By Sophia Stephens
NORTHWEST ASIAN WEEKLY
On May 24, President Donald Trump abruptly cancelled the June 12 North Korea and United States summit in Singapore via a letter addressed to His Excellency Kim Jong Un, a move that has been largely condemned by the international community as a continuation of Trump’s bizarre approach to foreign policy.
In a letter that praised North Korea’s “time, patience, and effort with respect to our recent negotiations and discussions relative to a summit long sought by both parties,” only to condemn the country’s “tremendous anger and open hostility,” Trump’s letter has been widely critiqued as a confusing, but threatening attempt at establishing the dominance of the United States over North Korea.
Trump’s writing alternated between polite nothings and blatherings of sound and fury throughout the letter, but made clear the prowess of the United States’ nuclear weapons. “You talk about your nuclear capabilities, but ours are so massive and powerful that I pray to God they will never have to be used.”
In the wake of Trump’s cancellation, South Korean President Moon Jae-in informed reporters that he was “very perplexed by the situation,” and added that “it is very regrettable that the North Korea-U.S. summit will not be held on June 12,” according to Yonhap News Agency. A statement from South Korean presidential representative Kim Eui-kyeom directly hinted at international confusion in the wake of Trump’s cancellation. “We are attempting to make sense of what, precisely, President Trump means,” said Eui-kyeom.
The repercussions of this recent development has undeniably impacted Seattle residents with ties to the three countries involved.
“I definitely am disappointed because I think that a successful North Korea and United States summit would be crucial to ensuring peace in the Korean Peninsula, given that this conflict was never really one between North Korea and South Korea,” said Korean Seattle resident Nayon Park. “But some things that we can be hopeful about is that the Moon administration has shown its commitment to open dialogue and will continue to do so, and Kim Jong Un has also responded to this call to come out to the table, not to mention that he’s a pretty personable character who’s capable of a reasonable discourse.”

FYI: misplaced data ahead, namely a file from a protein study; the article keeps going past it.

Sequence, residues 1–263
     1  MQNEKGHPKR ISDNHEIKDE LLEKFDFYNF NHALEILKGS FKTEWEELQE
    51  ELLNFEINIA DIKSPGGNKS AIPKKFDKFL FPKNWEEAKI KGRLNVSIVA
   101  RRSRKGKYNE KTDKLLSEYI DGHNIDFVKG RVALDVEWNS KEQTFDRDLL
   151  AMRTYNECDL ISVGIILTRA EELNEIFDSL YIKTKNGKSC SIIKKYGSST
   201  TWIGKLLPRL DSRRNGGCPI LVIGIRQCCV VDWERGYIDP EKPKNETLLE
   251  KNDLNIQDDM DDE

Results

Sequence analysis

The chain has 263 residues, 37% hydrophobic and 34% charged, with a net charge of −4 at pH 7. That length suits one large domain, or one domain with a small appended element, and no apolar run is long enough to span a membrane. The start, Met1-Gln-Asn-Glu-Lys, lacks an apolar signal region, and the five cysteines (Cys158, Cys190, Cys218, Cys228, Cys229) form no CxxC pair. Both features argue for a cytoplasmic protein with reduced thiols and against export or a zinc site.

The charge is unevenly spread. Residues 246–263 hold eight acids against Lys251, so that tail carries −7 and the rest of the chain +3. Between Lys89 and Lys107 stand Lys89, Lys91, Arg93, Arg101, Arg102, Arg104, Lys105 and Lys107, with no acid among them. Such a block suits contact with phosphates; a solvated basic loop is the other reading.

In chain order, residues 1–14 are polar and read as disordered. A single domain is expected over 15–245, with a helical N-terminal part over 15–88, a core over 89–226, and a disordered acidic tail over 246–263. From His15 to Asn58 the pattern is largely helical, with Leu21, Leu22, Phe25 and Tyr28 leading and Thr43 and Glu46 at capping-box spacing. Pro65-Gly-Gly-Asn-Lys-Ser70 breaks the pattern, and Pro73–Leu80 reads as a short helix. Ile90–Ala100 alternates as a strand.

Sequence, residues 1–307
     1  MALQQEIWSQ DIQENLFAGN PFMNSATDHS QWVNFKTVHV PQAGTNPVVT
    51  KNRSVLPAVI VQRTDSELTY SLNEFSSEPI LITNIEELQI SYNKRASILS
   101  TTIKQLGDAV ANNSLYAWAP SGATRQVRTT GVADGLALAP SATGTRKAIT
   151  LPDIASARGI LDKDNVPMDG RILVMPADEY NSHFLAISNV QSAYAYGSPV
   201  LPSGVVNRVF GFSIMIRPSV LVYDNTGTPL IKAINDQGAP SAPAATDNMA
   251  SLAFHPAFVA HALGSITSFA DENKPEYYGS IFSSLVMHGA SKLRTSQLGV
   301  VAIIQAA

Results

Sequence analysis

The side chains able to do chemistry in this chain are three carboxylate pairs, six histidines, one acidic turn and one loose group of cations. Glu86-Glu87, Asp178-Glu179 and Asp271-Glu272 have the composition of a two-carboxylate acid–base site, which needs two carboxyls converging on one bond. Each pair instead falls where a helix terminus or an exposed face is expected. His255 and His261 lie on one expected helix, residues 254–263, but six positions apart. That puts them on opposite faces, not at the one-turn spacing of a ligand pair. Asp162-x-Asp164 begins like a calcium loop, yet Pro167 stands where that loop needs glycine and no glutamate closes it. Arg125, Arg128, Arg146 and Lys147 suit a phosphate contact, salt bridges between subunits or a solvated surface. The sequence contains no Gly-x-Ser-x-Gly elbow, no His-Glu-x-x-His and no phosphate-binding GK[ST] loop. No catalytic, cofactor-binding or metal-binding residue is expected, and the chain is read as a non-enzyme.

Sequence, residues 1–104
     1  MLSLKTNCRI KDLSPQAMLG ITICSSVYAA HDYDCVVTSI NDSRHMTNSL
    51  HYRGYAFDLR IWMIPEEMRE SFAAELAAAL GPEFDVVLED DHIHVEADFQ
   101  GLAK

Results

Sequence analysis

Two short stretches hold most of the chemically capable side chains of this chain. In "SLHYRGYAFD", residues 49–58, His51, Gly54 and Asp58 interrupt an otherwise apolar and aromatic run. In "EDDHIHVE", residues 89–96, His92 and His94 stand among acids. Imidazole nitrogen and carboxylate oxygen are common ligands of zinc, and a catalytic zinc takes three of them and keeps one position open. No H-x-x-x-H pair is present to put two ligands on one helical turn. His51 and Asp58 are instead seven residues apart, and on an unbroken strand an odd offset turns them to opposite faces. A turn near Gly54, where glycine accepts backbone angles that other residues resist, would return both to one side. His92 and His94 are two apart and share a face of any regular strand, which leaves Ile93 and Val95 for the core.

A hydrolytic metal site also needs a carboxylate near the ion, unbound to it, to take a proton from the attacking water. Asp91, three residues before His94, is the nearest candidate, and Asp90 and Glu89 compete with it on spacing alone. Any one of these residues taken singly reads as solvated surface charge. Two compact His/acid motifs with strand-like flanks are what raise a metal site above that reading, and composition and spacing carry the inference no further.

Tyler Chung, a Korean American Seattleite, had different sentiments. “Two seemingly unstable people who came into power by little talent of their own are playing games with what can potentially destabilize not only the region with the nuclear situation, but the rest of the globe now tying in the trade situation with China. There is no art in this deal, not even good old-fashioned horse trading. The leaders in the region need to get involved. How will we get anything done with these two in a bilateral agreement?”
However, as of May 27, Trump appeared to have taken back his cancellation — if not ignoring it outright — informing reporters that “we’re looking at June 12 in Singapore. That hasn’t changed,” in spite of him announcing so in the May 24 letter, according to CNN.
The announcement arrived shortly after South Korean President Moon Jae-in’s surprise meeting with His Excellency Kim Jong Un on May 27, sharing that “what is unclear to Chairman Kim Jong Un is not the will for denuclearization, but the concern that if [North Korea] denuclearizes, whether the U.S. can end hostile relations and guarantee the security of the (Kim) regime,” said Jae-in, according to CNN.
Axios reported that White House Press Secretary Sarah Sanders announced on June 4 that Trump’s June 12 meeting with Jong Un in Singapore will be at 9 a.m. local time. American viewers can tune in on June 11 at 9 p.m. EST.
Sanders acknowledged that the administration’s “policy hasn’t changed” in regards to Pyongyang, and did not use the term “maximum pressure” when referring to North Korea and U.S. relations, after Trump said last week that he wished to avoid it as both countries are “getting along now.”
The situation is still developing, with concerns from both sides on the over-accelerated approach to negotiations, and tentative hopes for peace.
Sophia can be reached at firstname.lastname@example.org.